The most beautiful people we have known are those who have known defeat, known suffering, known struggle, known loss, and have found their way out of the depths. These persons have an appreciation, a sensitivity, and an understanding of life that fills them with compassion, gentleness, and a deep loving concern. Beautiful people do not just happen.Dr. Elizabeth Kubler-Ross
When my family was deep in a heart breaking addiction crisis, I hated who I was.
I felt like a 100 percent failure as a mother to my son, who was struggling with this family systems-disease, and to the rest of my family of my husband and three daughters.
That sense of failure permeated just about every cell in my body.
From the outside it was hard to tell that sense of failure was wrapped around me like a burial cloth. I showed up for work, for commitments and for all the good things that made up life. I also showed up for the hard stuff, too.
And there was a lot of hard stuff.
My spirit was beaten down by the disease that was impacting every member of my cherished family.
Ironically, I had been in recovery for almost two decades. But even my own personal understanding of the progressive symptoms of the disease including fear, isolation, low self-esteem, acting out, anger, shame, secrecy and sadness didn’t help me very much.
It took me a long time – with a lot of help from God, prayer and loving outside sources of help – to realize that my sense of brokenness was in fact the rock-solid foundation of something new and better.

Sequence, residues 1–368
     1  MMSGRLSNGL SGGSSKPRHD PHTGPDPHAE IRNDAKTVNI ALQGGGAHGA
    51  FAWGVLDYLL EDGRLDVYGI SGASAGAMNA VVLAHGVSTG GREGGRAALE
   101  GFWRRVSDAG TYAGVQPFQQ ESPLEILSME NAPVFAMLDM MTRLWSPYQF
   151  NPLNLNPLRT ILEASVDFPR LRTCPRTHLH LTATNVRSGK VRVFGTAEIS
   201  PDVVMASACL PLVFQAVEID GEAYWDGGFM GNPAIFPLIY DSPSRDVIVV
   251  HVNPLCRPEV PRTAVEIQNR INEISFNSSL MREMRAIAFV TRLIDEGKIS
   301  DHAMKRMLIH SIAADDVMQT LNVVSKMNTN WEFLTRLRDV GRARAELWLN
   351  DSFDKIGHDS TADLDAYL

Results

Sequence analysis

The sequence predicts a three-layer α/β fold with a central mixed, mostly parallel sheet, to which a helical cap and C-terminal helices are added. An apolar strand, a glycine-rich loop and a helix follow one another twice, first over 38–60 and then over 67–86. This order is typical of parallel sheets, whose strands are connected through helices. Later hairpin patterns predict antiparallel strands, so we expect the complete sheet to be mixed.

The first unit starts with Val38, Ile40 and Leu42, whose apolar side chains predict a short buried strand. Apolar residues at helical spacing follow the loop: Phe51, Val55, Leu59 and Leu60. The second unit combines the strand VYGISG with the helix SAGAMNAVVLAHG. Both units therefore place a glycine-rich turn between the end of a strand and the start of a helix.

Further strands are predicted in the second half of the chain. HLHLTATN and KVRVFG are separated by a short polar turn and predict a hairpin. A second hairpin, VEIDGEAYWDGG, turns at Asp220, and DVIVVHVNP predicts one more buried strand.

And that foundation of new and better was the beauty and wisdom born through hardship and through falling down repeatedly and getting up back up again.
Beautiful people do not just happen.
Every member of my beloved family: my son, daughters and my husband experienced this also.
They are beautiful people.
As a family unit together, and as individuals struggling through the ramifications of the systems illness of addiction, we came to understand the power of compassion and loving concern that grows in the hearts of those who have faced this.
My son, one of my daughters, and myself have taken that foundation as a vocational call to work in the recovery field. The rest of our family also shares their deep compassion and understanding of this pernicious disease with others in a less formalized way.
Any family touched by this illness knows the strength of personal beauty born of their struggle. And that beauty is a powerful force to help others become overcomers.
How has your family’s struggle with addiction created the strength and wisdom of beautiful people?
How has this beauty molded your life choices?
Please share here. We can all be inspired by our shared experience, strength and hope.